Peter and I were eyeing something from the 52WAV. Conditions/Trip reports are pretty sparse online these days so there wasn't much info on what had been broken out and what hadn't. Our original plan was for Black and Blueberry but the idea of some unplowed road walking, even for a little bit, didn't interest us so we decided to save them for "real" spring. After comparing who had hiked what already we settled on Mt. Tremont. We arrived to find the parking unplowed and the sign almost covered in snow, but managed to park off the road near a little bridge a few hundred feet from the trail and by 9:45 we were on our way.
Just enough room to park off the road
First order of the day was getting over the snowbank
The lower section of trail had a slight depression and faintly recognizable tracks from the last visitor but it wasn't always obvious where the trail went. The trail is very lightly blazed in most places and often has some older faded blue paint mixed in with newer but very sparse yellow blazes. It is probably obvious where the trail is when there is no snow but in winter it wasn't always clear. But you usually hug the embankment of the brook as you go, and the forest was a gorgeous older growth hemlock mix that made for great scenery as you looked around for which way to go. Filled with huge, old, towering evergreens, much like the forest in the Nancy Brook Scenic Area (which is one of the best in NH if you like that stuff) but much easier to get to. The lower portion of this trail would actually be a beautiful mile or so hike all by itself. The woods and water were that nice!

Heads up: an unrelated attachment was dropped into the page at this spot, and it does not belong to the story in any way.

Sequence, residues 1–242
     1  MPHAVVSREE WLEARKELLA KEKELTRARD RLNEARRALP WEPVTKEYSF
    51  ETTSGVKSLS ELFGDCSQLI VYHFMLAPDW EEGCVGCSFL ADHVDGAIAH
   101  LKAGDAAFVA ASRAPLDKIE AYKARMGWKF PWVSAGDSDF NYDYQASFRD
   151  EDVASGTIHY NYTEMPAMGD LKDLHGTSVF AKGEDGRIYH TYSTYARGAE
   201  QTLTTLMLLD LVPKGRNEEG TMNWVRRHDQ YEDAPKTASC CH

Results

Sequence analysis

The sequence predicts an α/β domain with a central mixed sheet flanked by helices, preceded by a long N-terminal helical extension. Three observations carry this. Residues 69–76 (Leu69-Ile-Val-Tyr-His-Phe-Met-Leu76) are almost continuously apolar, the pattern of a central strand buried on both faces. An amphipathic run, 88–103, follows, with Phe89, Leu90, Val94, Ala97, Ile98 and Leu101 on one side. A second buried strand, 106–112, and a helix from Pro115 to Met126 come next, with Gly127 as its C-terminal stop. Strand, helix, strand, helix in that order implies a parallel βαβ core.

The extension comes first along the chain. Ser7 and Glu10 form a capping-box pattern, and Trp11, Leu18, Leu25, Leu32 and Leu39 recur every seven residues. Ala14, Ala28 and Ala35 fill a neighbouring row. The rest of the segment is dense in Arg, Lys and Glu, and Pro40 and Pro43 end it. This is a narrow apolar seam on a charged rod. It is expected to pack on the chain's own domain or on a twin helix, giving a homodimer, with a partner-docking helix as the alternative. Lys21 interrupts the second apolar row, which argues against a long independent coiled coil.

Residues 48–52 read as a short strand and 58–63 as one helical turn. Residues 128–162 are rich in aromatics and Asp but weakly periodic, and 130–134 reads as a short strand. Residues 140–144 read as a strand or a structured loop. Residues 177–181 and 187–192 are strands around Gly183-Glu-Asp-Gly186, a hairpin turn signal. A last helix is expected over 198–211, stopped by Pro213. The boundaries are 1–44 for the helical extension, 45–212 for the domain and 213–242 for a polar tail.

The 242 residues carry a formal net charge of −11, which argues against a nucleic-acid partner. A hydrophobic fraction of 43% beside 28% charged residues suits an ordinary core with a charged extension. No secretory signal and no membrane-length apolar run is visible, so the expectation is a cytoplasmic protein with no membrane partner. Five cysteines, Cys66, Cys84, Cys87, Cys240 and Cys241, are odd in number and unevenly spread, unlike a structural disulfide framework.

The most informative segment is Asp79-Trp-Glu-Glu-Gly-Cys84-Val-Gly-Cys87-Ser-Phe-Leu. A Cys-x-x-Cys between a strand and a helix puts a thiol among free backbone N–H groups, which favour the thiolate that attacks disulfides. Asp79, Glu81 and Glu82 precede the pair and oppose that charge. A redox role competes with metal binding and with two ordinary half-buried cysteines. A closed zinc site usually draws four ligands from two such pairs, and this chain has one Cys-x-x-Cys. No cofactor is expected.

The brook was thawing in spots but it's still pretty snowy up there
Trail follows the embankment along the brook for a mile or so
Beautiful forest full of big hemlocks to stroll through
Some spots made you work for it but overall the first mile was pretty easy going
View ahead to Tremont. Looks like you're almost there!
Straight line I think it's less than a mile but it takes a series of 20 or so switchbacks to get you up 1500 feet in that mile
Eventually you end up high above the brook valley, and we finally crossed what was then just a trickle of water, and that's when things got interesting. Whoever had gone that way anytime recently had stopped at the crossing, so there was no longer even a hint of a trail. What blazes there were (and there weren't many in this section) were knee high with the deep snowpack so finding them and the correct route took some splitting up and exploring at times. Slowly but surely we made our way up the trail that progressively gets steeper until it finally starts a series of 20 or so switchbacks to get up the last 500 or so feet of the mountain. An inch or two of crust over fluff made for some nasty sidehilling on the 45 degree slope of the mountainside, so every step was a punch down with the edge of the snowshoes to break the crust and make a flat step followed by a little slide sideways when you broke through to the fluffy stuff. Fun fun fun!! We crawled at a snails pace up the last mile or so, but eventually after 2.8 miles and 2600 feet of elevation gain which took us 4 hours 16 minutes and 8 seconds (possible record for slowest known time?) we popped out of the ever tighter tunnel of trees onto the open summit ledges with a great 180 degree view out at the flat valley the Kanc passes through backed by the Sandwich Range under blue skies and barely a cloud in sight. Unique Birdseye views of the Sawyer Ponds and a good look at Carrigain and the Hancocks, as well as some of the Twin and Franconia range summits peaking over and around them. The Captain stood out in the middle of the broad valley juts to keep it interesting and with a little effort you could get a glimpse of Mt. Washington over some treetops. It had been chilly and breezy in the woods right to the end but on the summit ledges it was actually hot in the sun, so we took off layers and enjoyed an extended break to refuel and take in the scenery on a beautiful afternoon.